Why are Chinese home buyers targeting this L.A. suburb?

by MPA02 Dec 2014
Chinese investors are now the biggest international players in the U.S. housing market, and some states, like California, Washington and New York, are seeing billions of dollars in real estate deals as a result. In particular, Arcadia, a Los Angeles suburb, has seen an influx of wealthy investors from China tearing down old properties to build mansions in their places.

Chinese home buying in the United States was up more than 70% to $22 billion between March 2013 and April 2014, according to the National Association of Realtors. California is the biggest market for the Chinese, accounting for a third of their U.S. purchases.

Arcadia, California, is home to 57,600 residents and the city predicts that about 150 older homes, 53% more than normal, will be torn down this year and replaced with mansions.

For home buyers from China, Arcadia offers all the qualities they are looking for in an area, such as excellent schools, large lots with lenient building codes, and a place to park their money beyond the reach of the Chinese government, according to Bloomberg.

In China, mortgage rules only recently began to loosen. Previously, buyers of second homes were required to make a minimum 60% down payment to qualify for a loan. Now, such buyers can make a down payment of 30%, but that's still considerably more than the U.S. requirement.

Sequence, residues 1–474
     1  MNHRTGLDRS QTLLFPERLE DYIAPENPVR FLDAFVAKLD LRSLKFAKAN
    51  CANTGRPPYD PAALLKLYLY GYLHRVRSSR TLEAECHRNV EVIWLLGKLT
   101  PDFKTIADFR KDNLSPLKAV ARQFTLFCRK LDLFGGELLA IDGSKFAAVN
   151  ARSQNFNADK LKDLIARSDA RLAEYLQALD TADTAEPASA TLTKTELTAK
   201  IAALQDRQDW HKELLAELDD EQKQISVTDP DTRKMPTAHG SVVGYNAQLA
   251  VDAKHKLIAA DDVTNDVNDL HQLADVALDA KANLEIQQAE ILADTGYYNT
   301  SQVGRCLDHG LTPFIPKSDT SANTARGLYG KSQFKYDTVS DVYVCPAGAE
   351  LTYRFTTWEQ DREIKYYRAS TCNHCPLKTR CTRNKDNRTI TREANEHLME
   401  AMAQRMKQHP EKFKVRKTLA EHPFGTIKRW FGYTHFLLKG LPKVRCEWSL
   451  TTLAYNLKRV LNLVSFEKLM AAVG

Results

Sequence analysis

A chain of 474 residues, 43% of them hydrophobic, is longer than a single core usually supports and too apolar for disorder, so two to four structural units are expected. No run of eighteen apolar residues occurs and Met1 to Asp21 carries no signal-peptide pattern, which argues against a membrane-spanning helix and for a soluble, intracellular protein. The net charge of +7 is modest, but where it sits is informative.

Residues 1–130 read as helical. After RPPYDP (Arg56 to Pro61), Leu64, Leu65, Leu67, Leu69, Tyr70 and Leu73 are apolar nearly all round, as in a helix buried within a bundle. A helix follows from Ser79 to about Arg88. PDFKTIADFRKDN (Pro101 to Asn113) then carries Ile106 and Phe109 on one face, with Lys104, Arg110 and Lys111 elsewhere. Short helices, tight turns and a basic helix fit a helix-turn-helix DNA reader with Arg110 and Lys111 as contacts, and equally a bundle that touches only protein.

The property market in China, coupled with a stronger currency, is also enticing Chinese millionaires to buy homes in America. Beijing no longer permits individuals to own more than two properties, even as an investment. So a growing number are going abroad as cash buyers.

Asian investor appetite grows for multifamily, too

Asian investors are also looking at multifamily properties in the San Francisco area. The group is on track to spend more on U.S. multifamily assets in 2014 than at any other time in history, according to commercial real estate firm CBRE. Asian buyers have invested more than $326 million in San Francisco this year, followed by Los Angeles at $252 million and New York at $175 million, according to the firm. Overall, this group has completed $522 million in multifamily transactions from January through August.

The jump in buying activity by Asian investors, particularly from Japan and China, is the most significant shift in terms of buyer nationality in 2014, according to CBRE. Asian investors are now responsible for 18% of cross-regional multifamily investment in the U.S.—an increase of 8%—as purchases by European and Middle Eastern countries decline slightly. Canada continues to be the overall leader in foreign multifamily investment into the U.S.

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